Data-First development is an idea that I’ve had for a while and it’s the way I approach most development projects these days. I’m sure that you will have done it too, but just never quite thought about it.

The way I see development is to start with the data. At the very beginning of a project it’s important to get the specification right, and as part of that – design the data store and models. That makes sense, but once they are designed they are inherently forgotten about until they need to be changed.

Instead, I propose a simple workflow that at the start of the project admin interfaces to manage the data is the first thing that is built. There are a few reasons.

  1. Any issues with the model definitions can be found and changed incredibly easily early on
  2. Admin interfaces are usually fairly simply in comparison to the main application
  3. After launch there will be no need to manually edit data in the database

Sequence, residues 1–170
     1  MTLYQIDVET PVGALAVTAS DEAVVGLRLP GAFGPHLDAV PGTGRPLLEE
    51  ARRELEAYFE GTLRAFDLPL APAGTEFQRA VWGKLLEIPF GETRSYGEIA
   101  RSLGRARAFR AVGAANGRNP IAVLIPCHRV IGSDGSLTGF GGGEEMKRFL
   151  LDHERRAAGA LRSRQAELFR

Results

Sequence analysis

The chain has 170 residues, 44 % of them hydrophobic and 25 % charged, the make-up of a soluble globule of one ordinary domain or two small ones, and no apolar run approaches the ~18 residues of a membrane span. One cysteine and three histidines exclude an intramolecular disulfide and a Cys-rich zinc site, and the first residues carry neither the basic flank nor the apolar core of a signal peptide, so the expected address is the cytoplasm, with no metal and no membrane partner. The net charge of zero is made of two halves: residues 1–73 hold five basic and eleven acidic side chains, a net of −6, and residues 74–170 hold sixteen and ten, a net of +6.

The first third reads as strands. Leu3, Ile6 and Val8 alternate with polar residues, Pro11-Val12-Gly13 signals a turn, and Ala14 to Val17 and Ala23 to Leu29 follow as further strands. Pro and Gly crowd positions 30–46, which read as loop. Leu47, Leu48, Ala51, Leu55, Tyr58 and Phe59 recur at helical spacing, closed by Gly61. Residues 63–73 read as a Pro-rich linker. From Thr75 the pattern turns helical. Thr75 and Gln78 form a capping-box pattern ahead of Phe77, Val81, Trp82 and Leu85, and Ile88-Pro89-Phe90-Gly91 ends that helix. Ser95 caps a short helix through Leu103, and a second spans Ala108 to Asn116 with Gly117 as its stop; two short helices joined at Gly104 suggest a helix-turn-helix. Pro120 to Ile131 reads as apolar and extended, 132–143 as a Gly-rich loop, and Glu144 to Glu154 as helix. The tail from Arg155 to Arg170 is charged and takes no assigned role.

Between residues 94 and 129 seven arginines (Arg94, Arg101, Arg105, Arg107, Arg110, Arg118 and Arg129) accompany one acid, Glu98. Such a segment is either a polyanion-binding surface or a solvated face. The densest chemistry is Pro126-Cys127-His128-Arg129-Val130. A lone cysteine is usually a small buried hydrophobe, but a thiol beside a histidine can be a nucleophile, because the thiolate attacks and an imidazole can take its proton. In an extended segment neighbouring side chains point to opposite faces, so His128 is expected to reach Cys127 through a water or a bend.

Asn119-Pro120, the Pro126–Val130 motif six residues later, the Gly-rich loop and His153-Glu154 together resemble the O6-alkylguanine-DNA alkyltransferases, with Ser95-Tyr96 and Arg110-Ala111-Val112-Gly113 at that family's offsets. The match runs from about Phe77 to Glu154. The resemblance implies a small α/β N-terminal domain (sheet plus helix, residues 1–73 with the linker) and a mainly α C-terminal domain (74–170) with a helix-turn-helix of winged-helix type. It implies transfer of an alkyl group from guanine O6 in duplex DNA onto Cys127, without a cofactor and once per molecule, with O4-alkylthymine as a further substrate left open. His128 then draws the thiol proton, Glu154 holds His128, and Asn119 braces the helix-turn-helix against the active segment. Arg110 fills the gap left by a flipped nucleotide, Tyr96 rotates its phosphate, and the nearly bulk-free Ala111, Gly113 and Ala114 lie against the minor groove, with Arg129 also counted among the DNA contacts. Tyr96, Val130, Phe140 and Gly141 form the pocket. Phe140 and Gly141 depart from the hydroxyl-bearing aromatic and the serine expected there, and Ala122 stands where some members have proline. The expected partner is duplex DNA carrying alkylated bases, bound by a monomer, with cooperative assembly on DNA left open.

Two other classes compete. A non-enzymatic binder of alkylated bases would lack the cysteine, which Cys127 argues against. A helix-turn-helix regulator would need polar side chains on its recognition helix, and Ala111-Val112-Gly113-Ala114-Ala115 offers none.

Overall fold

And with that, behold stage two!

Now that the model interfaces are pretty close, it’s important to design the application with a close server – client model. Specifically, a data driven one.

What usually happens in most development scenarios is that the server sends back HTML and a bunch of data attributes. Some fancy JavaScript picks up the data attributes and handles the functionality. But when the data changes significantly and the JS code would be ridiculously complex to handle it. A master refresh is performed to reload the entire section which needs updating.

And here’s where the problems start. The fact that we’ve changed just a single element means that the tree-view it’s in needs to be rebuilt. The information slides need to be refreshed and generally these can take a while.

With data-first development this is almost nullified. The idea being that the client side has a basic understanding of how the view is composed and the server sends enough information to be able to manipulate it. So instead of refreshing a section, the JS can manipulate its internal data-store and then update the UI directly.

It’s not easy to implement, and will struggle if it’s an after thought. But generally, I believe, that getting it right first time will save a whole headache of problems.

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